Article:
This week’s Sunday Sign highlights Jackson’s Military Road in Northwest Alabama. The road plays a central role in the history of Northwest Alabama, from pioneer settlements to rock-and-roll iconography.
The road itself was built by American soldiers under the leadership of General Andrew Jackson, following the Battle of New Orleans in 1815. The military road was completed in 1820 and shortened the distance between Nashville and New Orleans by some 200 miles.
Although the road was intended to support military movements, it quickly became the gateway for settlement of Northwest Alabama and Mississippi.
The road, which is largely still intact, crosses the Tennessee River in Florence and passes through Sheffield at Jackson Hollow. The road continues along what we know today as Atlanta Avenue and Columbia Avenues in Sheffield and enters Tuscumbia on Dickson Street. This log cabin sits across the street from its original location along Jackson’s Military Road and served as a stagecoach stop.
Jackson’s Military Road has always been part of the mise-en-scène of my life. My maternal grandmother grew up in Sheffield near the site where the road entered Sheffield. When I was a child, my great grandparents lived in a small, white-shingled house one block off the original route, which today is known as Jackson Highway. This house is less than a mile from 3614 Jackson Highway, a legendary music destination.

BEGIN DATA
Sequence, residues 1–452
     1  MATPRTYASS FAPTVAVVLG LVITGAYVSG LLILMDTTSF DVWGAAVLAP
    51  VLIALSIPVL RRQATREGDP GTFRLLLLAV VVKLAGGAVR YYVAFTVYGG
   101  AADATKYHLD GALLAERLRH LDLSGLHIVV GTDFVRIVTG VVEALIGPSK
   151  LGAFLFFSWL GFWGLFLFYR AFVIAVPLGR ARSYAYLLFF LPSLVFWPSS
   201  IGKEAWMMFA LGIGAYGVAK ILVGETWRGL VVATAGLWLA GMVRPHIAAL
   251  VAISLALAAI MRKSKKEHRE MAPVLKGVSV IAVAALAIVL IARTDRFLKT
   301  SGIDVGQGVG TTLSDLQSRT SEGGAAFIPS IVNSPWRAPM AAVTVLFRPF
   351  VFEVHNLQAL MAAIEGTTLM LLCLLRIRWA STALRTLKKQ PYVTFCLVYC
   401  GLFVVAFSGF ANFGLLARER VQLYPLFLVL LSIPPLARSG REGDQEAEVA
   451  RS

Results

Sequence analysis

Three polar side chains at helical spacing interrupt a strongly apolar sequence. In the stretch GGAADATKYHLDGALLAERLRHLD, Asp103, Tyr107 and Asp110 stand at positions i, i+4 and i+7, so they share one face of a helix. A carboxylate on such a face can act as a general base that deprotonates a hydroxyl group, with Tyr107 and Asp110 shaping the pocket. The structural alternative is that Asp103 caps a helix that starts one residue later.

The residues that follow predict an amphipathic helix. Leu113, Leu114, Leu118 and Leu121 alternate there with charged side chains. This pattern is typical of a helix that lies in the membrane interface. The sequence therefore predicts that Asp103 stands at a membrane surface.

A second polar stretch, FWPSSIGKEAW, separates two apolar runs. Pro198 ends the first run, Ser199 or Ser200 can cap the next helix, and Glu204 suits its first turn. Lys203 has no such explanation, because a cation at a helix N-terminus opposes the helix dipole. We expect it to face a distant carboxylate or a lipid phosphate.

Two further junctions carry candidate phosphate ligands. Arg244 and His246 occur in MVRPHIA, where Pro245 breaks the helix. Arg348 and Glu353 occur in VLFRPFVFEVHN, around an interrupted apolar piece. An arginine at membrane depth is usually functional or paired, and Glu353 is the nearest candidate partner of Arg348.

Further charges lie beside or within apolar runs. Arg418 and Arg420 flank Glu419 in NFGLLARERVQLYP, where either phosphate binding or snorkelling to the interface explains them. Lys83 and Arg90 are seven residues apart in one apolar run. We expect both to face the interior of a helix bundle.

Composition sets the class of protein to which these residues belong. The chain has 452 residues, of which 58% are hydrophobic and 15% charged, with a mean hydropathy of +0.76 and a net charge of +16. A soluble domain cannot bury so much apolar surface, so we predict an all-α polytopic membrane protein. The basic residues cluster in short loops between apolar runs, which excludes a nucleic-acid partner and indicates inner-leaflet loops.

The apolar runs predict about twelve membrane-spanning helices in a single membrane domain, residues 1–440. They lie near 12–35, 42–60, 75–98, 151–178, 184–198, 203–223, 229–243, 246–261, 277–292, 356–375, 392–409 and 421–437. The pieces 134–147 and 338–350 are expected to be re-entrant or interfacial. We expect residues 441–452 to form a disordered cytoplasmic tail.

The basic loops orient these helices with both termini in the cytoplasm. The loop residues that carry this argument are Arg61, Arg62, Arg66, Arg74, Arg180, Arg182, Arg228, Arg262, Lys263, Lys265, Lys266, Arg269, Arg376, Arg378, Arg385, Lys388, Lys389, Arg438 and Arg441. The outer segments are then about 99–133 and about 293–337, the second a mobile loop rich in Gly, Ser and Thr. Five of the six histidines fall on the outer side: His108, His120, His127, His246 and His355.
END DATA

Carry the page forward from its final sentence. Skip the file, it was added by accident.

My paternal grandparents lived in a small, limestone rock house alongside the old Jackson Military Road in Franklin County. As a child, I heard the story of the Jackson Military Road more times than I can count. In the early 2000s, there was a dispute in the making over the request of a property owner in the Frog Pond community (where my grandparents lived) to close a portion of one of the county roads that followed the original Jackson Military Road route.
It’s unlikely that anyone who lives in the Shoals area goes more than a week without traveling a stretch of the old Jackson Military Road. Tourists and travelers passing through the area will also likely drive along or across the original route.
Music fans will be familiar with Jackson Highway through the legendary Muscle Shoals Sound Studio®, where artists like The Rolling Stones to The Staple Singers, Bob Dylan, Rod Stewart, Bob Seger and Lynyrd Skynrd recorded some of their most critically-acclaimed work and biggest hits.